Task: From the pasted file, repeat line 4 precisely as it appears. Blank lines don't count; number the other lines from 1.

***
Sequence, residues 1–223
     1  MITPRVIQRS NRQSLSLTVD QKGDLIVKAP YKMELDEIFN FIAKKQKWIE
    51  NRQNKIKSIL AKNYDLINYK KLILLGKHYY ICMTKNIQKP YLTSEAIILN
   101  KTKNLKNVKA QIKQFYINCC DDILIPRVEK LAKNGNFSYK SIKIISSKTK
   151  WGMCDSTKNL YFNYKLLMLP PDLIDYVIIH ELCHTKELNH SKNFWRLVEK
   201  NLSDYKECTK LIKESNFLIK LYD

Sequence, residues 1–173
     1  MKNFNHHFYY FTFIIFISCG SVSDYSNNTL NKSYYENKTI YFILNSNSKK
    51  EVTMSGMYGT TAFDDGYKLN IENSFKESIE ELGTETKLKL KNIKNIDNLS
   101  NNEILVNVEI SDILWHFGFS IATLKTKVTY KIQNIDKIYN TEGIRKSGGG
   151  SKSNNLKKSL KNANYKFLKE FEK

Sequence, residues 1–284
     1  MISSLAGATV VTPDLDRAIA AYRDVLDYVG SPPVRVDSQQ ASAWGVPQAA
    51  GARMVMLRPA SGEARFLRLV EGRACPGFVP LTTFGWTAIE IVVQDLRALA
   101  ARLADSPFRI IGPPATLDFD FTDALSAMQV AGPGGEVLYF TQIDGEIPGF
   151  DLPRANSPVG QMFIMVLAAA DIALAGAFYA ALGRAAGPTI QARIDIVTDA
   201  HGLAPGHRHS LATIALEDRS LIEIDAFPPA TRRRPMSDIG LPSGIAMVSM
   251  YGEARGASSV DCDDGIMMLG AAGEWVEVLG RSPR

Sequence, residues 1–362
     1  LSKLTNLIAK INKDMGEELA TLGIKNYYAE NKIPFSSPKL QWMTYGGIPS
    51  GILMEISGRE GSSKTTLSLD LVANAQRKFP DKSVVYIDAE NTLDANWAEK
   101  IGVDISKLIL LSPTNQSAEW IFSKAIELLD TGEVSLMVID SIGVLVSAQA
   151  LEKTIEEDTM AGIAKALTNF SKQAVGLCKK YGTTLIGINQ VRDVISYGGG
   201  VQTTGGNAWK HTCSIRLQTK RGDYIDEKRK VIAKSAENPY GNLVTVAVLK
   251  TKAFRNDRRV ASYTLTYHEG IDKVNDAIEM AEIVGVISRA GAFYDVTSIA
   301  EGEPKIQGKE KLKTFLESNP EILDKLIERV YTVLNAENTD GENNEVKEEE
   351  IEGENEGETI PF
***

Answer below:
   101  KTKNLKNVKA QIKQFYINCC DDILIPRVEK LAKNGNFSYK SIKIISSKTK